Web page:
Media’s Role in BTK Case Scrutinized

Times Staff Writers

From the day the news broke of BTK’s existence more than 30 years ago, the media have played a key role in the investigation.

Journalists passed on communications from the serial killer to authorities, often honoring police requests to suppress information. They served as a mouthpiece for BTK.

For the record:

12:00 a.m. March 4, 2005 For The Record
Los Angeles Times Friday March 04, 2005 Home Edition Main News Part A Page 2 National Desk 1 inches; 67 words Type of Material: Correction
BTK killings -- An article in Thursday’s Section A about media cooperation with police in the BTK serial killer investigation in Kansas said that Cathy Henkel, who covered the case 30 years ago, cooperated with police then in withholding information from a BTK letter she had obtained. Henkel and her newspaper, the Wichita Sun, had no discussions with police about what they would or would not publish.

Now that a suspect has been charged, some of those journalists are examining the choices they made.

“I have regrets for holding things back,” said Hurst Laviana, a staff writer at the Wichita Eagle. His story about the anniversary of the killings has been credited with BTK resurfacing after a quarter-century of silence. The killer called himself BTK to describe his method: bind, torture, kill.


“I wonder now whether we did the right thing, of editing the evidence,” Laviana said. “Would the police have been able to find a suspect sooner? Did we do the public a disservice?”

This week, the Eagle and KAKE-TV -- an ABC affiliate -- revealed communications they had kept hidden. The evidence BTK sent to news outlets included a doll with a bag over its head and its hands tied behind its back, postcards that seemed to refer to packages from the killer and a puzzle filled with clues to his identity.

The puzzle was part of a package sent last year to KAKE. Hidden in it were the numbers “6220" and the letters “DRADER.” Suspect Dennis L. Rader’s house address was 6220.

Rader, a church leader and father of two, was charged Tuesday with 10 counts of first-degree murder. Rader, 59, is accused of killing seven women, one man and two children from 1974 to 1991.

On Wednesday, Rader’s attorneys said they would seek a change of venue and filed a motion to review the Park City, Kan., man’s competency.

“Everyone has a constitutional right to a fair trial,” said Jama Mitchell, one of Rader’s public defenders. “Starting now, he is not guilty.”

Officials from KAKE and the Eagle said that, with Rader’s arrest, they felt it was time to tell the public all that they knew.

“We saw no reason to hold back any longer,” said Larry Hatteberg, a KAKE anchor who has covered BTK for more than three decades.

The press and law enforcement traditionally use one another. Reporters often share information in hopes of getting some in return; and police use the media to disseminate information they hope will lead to an arrest.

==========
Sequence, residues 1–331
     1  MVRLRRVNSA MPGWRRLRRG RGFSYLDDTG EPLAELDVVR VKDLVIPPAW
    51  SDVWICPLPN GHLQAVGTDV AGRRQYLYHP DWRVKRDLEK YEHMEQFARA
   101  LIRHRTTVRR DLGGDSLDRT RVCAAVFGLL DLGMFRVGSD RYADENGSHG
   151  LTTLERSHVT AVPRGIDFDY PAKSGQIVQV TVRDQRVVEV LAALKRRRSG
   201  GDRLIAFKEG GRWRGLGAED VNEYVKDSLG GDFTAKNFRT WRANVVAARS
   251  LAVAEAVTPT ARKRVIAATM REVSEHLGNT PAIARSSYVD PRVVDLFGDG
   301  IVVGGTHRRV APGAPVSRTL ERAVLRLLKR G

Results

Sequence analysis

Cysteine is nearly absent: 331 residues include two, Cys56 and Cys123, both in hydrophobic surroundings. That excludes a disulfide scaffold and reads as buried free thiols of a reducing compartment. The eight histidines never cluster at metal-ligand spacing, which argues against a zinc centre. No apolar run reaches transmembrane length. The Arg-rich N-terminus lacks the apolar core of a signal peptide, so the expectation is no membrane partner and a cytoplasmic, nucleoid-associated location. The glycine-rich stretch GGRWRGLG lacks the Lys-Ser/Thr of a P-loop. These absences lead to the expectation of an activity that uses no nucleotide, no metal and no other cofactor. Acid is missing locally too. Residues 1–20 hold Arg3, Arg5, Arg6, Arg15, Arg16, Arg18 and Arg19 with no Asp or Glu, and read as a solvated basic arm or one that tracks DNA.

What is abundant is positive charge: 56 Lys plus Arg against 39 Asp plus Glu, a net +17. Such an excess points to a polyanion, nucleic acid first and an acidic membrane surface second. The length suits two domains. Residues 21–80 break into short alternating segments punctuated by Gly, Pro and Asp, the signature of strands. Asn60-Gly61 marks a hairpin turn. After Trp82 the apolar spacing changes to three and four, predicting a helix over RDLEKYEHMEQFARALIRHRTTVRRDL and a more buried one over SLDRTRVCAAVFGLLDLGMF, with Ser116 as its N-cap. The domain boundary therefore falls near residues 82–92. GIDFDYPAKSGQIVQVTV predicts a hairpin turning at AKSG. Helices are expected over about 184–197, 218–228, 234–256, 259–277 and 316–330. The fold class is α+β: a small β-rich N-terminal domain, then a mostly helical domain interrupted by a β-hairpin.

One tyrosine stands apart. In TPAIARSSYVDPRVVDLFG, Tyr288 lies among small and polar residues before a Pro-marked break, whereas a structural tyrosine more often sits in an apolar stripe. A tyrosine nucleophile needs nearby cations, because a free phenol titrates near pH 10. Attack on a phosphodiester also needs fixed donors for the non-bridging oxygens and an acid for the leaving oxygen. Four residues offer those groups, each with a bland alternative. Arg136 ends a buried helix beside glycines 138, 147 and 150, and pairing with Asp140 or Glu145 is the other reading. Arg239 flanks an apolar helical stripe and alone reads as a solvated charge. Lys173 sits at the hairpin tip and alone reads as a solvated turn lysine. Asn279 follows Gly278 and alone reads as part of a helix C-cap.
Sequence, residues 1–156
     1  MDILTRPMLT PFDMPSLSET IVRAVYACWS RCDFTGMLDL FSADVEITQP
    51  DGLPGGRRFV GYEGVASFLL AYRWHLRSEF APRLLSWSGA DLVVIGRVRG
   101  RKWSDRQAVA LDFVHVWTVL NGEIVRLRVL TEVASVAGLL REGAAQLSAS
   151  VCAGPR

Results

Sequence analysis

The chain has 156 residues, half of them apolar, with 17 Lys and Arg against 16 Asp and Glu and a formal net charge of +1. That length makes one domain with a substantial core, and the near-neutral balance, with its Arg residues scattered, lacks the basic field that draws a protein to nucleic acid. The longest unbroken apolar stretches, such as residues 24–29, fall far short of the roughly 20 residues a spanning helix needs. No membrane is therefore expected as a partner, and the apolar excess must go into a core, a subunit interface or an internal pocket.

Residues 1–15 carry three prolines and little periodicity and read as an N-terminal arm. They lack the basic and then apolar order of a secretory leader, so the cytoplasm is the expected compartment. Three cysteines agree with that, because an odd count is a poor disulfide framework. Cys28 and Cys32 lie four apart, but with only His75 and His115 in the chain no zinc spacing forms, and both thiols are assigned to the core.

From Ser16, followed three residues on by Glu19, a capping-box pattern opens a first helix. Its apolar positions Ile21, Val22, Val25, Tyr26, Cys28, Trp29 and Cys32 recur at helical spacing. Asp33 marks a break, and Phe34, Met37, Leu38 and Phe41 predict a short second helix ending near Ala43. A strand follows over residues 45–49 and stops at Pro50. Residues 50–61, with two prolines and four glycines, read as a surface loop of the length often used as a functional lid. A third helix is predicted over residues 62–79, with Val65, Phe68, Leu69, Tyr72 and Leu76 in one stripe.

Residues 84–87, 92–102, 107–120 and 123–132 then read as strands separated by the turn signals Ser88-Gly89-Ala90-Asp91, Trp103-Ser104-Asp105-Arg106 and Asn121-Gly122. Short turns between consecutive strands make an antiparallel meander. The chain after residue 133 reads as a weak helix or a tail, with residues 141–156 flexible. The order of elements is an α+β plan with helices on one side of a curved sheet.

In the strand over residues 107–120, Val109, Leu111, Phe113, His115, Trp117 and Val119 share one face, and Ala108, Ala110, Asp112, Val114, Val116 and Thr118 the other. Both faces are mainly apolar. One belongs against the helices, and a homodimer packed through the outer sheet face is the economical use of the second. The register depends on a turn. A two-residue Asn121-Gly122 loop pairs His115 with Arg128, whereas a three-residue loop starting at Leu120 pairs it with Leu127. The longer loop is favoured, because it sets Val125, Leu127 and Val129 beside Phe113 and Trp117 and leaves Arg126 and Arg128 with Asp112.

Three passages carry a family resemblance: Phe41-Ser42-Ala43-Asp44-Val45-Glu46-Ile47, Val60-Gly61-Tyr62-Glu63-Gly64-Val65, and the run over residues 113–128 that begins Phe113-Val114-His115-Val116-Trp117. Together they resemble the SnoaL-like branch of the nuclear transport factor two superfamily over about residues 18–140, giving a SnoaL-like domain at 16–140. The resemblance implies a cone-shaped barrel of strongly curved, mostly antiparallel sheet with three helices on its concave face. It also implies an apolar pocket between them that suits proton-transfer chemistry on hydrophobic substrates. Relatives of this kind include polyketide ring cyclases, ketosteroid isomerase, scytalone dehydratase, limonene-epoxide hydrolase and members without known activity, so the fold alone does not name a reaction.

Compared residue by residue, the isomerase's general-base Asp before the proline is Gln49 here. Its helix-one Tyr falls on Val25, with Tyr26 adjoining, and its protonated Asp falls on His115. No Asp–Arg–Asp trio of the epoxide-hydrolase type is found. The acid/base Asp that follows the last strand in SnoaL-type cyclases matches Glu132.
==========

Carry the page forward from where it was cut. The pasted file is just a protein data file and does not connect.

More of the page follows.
When Cathy Henkel was a staff writer at the Wichita Sun in the 1970s, a source gave her a copy of a letter from someone who claimed to have killed a family of four. It was signed, “Yours, Truly Guiltily ... BTK.”

The details included the types of knots used to strangle the victims and what they wore. After approaching the police with the letter, Henkel and the paper agreed not to publish those facts.

“We felt like if we didn’t work with the police, someone would get killed,” Henkel said.

“Was it right? I don’t know,” said Henkel, now the sports editor for the Seattle Times. “There are times when I regret getting involved in the story at all. It gave us all nightmares.”

Some of the anchors and reporters were looked at as suspects because BTK was communicating directly with them. Laviana and others agreed to let police take samples of their DNA as recently as December.

Robert Beattie -- author of an upcoming book on BTK whose DNA was tested by police -- said that he obtained a copy of the puzzle and showed it to a local Mensa club in May. The members pleaded with him to ignore police requests to not go public with it. Someone, they argued, might spot a clue.

“Now I’m really wondering if I made a mistake and the police made a mistake by not releasing this information sooner,” Beattie said. “It’s just so obvious when you look at it now. He’s got his name and address right there.”

The local ABC and Fox TV affiliates, as well as the Eagle, in recent months received communications from BTK. Some were almost chatty in nature; in one, the killer expressed sympathy for two TV anchors who had said on-air they were suffering from bad colds.

As the communication accelerated, reporters said they intentionally kept their stories vague, noting where and when each package was found but withholding information about the contents.

Authorities will not discuss the specifics of their investigation into BTK. But they acknowledge that without contact between the killer and media, they might not have made an arrest.

For example, one piece of evidence that reportedly tied Rader to the murders was a computer floppy disk sent last month to KSAS-TV. Sources said the disk was handed over to FBI analysts, who determined that it had been reformatted. Data on the disk traced it back to a computer at Christ Lutheran Church in Wichita.

Rader was president of the church’s congregation. His duties included printing the agenda for the church’s council meetings.

When investigators approached the church’s pastor, Michael Clark, “the detectives asked who had access to that computer equipment,” said Charles Liles, a retired Wichita police lieutenant familiar with the investigation. “And there [Rader] was.”